By Stefanie Reichert
In the era of the No Child Left Behind (NCLB) initiative by the U.S. federal government, there’s an emerging focus on making certain that children are learning in the nation’s public schools.
While the administrative emphasis is on accountability, testing, and educational standards, the program also is having the effect of refocusing attention on ensuring that schools have the resources and infrastructure needed to teach effectively. That can mean anything from maintaining adequate teacher-student ratios to ensuring that students get a nutritious lunch.
However, two school districts in Cleveland, Ohio, are focusing on something even more fundamental: the ability of students to hear better in the classroom. The Midview Local School District and Avon Lake City Schools are turning to wireless communications amplification technology to ensure the learning process isn’t compromised by students’ inability to adequately hear teachers in the classroom environment.
Over the next several years, the two districts plan to install wireless microphone-based audio systems in as many classrooms as their budgets allow. In Midview the impetus is a state mandate that districts receiving a certain amount of state funding must provide classroom sound amplification systems. The push in Avon Lake simply comes from recognizing that students learn better when the teacher’s voice is amplified 10 to 15 dB.
“Classroom amplification systems are a common response to effectively teaching [students who are] hearing impaired,” stated Richard Lund, PhD, director of technology for Avon Lake City Schools. “Recent research suggests that if voice amplification is good for special needs children, we should try to provide it for all our students whenever we can.” The district plans to outfit all of its classrooms with Sound Field amplification systems.
Kevin Wenderoth, Coordinator of Education Sales at SoundCom Systems based in Cleveland, is overseeing the installation of Sound Field Classroom Amplification Systems by Sennheiser Electronic Corporation in both districts.
“Research shows that the ability of students to hear more clearly correlates with improved retention rates and overall improvements in the educational process,” Wenderoth said.
The issue doesn’t just relate to questions of volume levels, he noted. “Something as simple as a teacher turning her head or another student coughing can cause students to miss what’s being said,” he said. “For example, unlike adults, whose vocabulary enables them to fill in the blanks, second graders can’t contextually decipher certain parts of a sentence that are missed. Not hearing fully can short-circuit the educational process.”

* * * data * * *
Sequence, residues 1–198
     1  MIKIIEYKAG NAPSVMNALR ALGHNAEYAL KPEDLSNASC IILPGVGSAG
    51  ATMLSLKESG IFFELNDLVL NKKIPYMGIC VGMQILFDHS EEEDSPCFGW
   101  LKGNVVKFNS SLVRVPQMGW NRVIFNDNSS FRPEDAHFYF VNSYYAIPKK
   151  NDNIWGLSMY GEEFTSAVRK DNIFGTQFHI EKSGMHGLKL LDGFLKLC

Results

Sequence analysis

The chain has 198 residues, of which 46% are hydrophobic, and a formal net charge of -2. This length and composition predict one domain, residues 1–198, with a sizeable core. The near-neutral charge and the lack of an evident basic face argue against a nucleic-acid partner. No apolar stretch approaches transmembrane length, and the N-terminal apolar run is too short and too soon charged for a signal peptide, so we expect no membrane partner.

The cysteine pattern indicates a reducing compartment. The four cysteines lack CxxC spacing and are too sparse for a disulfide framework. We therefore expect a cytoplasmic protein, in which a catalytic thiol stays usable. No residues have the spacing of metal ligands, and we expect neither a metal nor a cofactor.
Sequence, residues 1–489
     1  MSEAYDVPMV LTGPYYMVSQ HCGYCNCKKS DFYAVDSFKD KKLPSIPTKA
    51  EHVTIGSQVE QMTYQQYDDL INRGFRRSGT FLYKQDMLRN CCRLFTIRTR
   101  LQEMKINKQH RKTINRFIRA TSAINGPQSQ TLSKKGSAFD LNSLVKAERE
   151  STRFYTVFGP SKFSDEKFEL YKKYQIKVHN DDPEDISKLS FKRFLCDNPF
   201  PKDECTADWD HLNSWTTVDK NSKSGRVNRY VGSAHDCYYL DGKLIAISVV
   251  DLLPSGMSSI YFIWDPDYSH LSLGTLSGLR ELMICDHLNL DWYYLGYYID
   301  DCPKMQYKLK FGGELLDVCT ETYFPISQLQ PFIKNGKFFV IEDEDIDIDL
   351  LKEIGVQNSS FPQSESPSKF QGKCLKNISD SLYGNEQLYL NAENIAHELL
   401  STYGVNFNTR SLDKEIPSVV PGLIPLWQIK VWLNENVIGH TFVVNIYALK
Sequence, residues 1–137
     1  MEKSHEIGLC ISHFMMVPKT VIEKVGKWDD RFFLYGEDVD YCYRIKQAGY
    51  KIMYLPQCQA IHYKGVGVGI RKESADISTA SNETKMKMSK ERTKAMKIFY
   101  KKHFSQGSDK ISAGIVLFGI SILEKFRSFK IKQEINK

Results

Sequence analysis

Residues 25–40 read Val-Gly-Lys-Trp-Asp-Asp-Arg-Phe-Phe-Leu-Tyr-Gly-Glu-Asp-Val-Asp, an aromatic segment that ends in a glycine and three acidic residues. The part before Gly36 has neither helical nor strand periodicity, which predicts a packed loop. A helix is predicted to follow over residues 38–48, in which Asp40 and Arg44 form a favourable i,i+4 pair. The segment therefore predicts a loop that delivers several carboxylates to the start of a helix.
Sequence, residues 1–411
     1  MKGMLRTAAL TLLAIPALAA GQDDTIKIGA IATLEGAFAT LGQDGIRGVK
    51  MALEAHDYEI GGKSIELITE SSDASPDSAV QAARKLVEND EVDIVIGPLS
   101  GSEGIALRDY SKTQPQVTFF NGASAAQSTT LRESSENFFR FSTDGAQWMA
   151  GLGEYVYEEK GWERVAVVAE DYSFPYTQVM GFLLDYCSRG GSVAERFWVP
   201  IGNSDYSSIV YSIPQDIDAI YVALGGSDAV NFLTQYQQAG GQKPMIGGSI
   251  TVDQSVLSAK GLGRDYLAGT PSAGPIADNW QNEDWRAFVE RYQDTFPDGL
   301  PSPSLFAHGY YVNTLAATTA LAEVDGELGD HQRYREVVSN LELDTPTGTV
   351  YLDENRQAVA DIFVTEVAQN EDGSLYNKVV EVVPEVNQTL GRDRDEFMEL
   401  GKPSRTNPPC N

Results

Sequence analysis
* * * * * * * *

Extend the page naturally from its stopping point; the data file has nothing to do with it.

The installation of wireless amplification systems in the Avon Lake and Midview school districts will enable them to address that issue in a way that benefits students, teachers, and school administrators. The Sound Field systems are comprised of receivers, bodypack transmitters, lapel microphones, rechargeable battery packs, and battery-charging units. The bodypack handles the frequency diversification needed in the school environment.
The radio frequency-based system was selected by Avon Lake because of its multi-channel capabilities. The 48-channel system, comprised of 16 channels per band for up to three bands, has frequency agility and allows for quicker repairs.
“If a room goes down, we can identify the band and set the frequency of the transmitter to a new channel, minimizing downtime,” Wenderoth explained. Furthermore, Avon Lake will install 20 Sound Field classroom amplification units over a period of three years, said Lund. If its budget allows, the district will install classrooms systems in all seven of its buildings. The first phase that Avon Lake has committed to will involve outfitting more than 60 classrooms.
SoundCom will install 90 units in Midview over the course of the next year. Three elementary school buildings now being built will be fully outfitted in time for the start of the 2005-2006 school year.
A wireless amplification system is the ideal solution for helping the two school districts get on track with a program for improving the overall educational process and will likely be a model for other districts. “We’re seeing a lot more interest in a system like this,” Wenderoth said, adding, “The easy set-up and the versatility to adapt to different types of environments make it the right choice for a growing and evolving use of wireless audio.”
Need more convincing about the value of having a quality Sound Field amplification system in the classroom? Read our collection of research studies!